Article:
Author: John Pepper
Author: John Pepper
South African John Pepper, author of Reverse Parkinson's Disease has Parkinson's disease (PD) since 1968 and was diagnosed with it in 1992. PD is a progressive disease of the nervous system marked by tremor, muscular rigidity, and slow, imprecise movement, chiefly affecting middle-aged and elderly people. It is associated with degeneration of the basal ganglia of the brain and a deficiency of the neurotransmitter dopamine.
There is no cure for PD and the medications that are on the market today only deal with the symptoms not with the halting of the progression of the disease. However, recent advances in our understanding of the mechanisms of these disorders have lead to tremendous progress in treatment, both medical and surgical.
In his opening remarks, Pepper indicates that having PD was not the reason for his writing his memoir, the first edition appearing in 2003, but rather to demonstrate how he was able to reverse most of the more debilitating effects of his movement disorder and to discontinue the taking of medications other than those he needs for insomnia and mood swings. His principal objective is to help people with PD, although, as he points out, he has no science background and little formal education.
Presently, at age eighty, Pepper states that he has not cured his PD but that he lives a normal, happy life, no different to most other people. Some neurologists have been quite skeptical and are of the belief that he never had PD and thus what he discovered had nothing to do with his reversing of many of the symptoms of his PD. However, a closer look at the effects at what Pepper stumbled upon by exercising, the taking of a MAO-b inhibitor and a special kind of concentration probably have been responsible for his improved health. And today much of what he had observed several years ago have been recognized by many neurologists and others involved with the treatment of PD and are applied in its treatment as well as being in sync with the latest discoveries of neuroplasticity. The concept of neuroplasticity has replaced the formerly-held position that the brain is a physiologically static organ, and explores how - and in which ways - the brain changes in the course of a lifetime.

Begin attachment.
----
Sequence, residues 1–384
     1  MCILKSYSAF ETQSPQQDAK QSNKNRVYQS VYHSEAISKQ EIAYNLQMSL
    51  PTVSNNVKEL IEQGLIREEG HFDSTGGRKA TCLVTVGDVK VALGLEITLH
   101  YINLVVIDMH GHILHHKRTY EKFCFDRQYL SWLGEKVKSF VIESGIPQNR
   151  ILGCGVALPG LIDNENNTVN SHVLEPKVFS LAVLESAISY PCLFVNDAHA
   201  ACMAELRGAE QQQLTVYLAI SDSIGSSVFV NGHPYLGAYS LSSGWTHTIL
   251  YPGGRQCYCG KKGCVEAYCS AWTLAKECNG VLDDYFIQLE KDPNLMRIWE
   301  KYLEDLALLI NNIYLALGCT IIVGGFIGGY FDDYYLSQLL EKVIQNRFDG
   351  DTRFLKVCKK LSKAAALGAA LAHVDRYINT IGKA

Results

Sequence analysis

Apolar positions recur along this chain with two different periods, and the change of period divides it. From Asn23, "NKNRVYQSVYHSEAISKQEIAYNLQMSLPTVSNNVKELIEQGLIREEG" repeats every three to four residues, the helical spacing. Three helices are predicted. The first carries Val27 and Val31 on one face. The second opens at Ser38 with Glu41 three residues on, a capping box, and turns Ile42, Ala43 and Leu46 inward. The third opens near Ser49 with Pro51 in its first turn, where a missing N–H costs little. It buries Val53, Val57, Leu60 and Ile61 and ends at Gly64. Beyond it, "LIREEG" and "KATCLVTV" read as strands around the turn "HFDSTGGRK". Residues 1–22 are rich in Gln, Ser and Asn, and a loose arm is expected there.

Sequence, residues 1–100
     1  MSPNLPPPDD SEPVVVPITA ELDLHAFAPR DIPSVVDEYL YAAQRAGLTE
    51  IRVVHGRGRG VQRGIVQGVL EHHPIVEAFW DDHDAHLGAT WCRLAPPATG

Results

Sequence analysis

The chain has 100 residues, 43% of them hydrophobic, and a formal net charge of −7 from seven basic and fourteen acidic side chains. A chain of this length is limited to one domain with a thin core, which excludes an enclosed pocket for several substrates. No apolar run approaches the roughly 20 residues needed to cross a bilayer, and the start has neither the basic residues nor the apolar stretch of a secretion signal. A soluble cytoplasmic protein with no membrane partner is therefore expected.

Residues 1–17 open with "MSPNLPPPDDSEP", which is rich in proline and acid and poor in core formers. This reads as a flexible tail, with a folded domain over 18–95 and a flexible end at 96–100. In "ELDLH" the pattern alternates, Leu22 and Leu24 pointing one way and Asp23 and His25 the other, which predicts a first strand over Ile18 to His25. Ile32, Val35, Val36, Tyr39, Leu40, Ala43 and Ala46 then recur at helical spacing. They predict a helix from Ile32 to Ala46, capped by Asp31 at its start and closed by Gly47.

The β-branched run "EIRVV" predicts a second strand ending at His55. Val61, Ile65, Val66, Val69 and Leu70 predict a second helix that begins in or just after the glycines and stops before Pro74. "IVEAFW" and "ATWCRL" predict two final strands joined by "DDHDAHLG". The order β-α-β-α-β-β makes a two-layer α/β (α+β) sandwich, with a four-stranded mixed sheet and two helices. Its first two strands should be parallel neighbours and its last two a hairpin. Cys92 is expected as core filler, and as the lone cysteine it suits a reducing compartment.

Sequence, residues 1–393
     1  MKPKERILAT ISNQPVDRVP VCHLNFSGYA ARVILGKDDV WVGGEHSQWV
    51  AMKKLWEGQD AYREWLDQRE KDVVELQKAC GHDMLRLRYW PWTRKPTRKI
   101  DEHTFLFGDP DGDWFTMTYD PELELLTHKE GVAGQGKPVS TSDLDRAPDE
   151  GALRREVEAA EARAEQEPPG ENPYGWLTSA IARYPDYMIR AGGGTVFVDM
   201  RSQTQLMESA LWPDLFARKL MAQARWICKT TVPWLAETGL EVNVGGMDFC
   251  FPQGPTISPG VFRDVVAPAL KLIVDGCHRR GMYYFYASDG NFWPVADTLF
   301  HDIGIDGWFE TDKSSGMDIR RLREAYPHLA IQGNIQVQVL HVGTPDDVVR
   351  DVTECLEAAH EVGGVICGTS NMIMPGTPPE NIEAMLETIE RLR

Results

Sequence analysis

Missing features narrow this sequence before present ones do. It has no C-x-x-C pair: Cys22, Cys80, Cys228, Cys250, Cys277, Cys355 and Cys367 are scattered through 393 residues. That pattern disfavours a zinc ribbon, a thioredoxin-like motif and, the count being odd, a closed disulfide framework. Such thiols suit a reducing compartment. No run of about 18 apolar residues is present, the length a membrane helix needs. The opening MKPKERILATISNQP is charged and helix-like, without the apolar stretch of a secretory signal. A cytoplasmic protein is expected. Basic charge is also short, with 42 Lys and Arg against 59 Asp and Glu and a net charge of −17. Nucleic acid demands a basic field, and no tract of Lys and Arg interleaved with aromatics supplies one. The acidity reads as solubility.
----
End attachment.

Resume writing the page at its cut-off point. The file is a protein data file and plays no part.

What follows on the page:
Reverse Parkinson's Disease divides itself into six parts beginning with the reality of Parkinson's disease and continuing with Pepper's process of reversing his PD which includes his diet and eating, attitude adjustment, discovering the final piece of the puzzle, side effects of medication, and his concluding remarks. In addition, Pepper lists in Appendix 1 a detailed list of his symptoms, in Appendix 2 he includes supporting letters he has received, Appendix 3 contains his best advice, exercise is not an option but it is mandatory, in Appendix 4 Pepper gives the reader more information about MAO-inhibitors, and Appendix 5 deals in more detail with walking and its benefits.
Although Pepper's memoir is an excellent self-help guide, there are too many generalizations and a few few chapters should be brought up to-date to reflect the changes that have taken place in the treatment of PD. For example, I take issue with his statement that “in his experience PD patients have been conditioned to accept that, until a cure is found, there is NO HOPE of any improvement in the progression of our PD. We must accept our condition to gradually deteriorate until we become totally immobile.” This may have been his experience, but you just have to look at the dozens of various programs that have been devised to help patients cope and even reverse their symptoms of PD which seem to be at odds with Pepper's statement. It is true that most movement disorders were considered untreatable a mere 50 years ago, however, steady progress continues to redefine the possibilities in treatment of these conditions, particularly when you take into account the concept of neuroplasticity that I previously mentioned.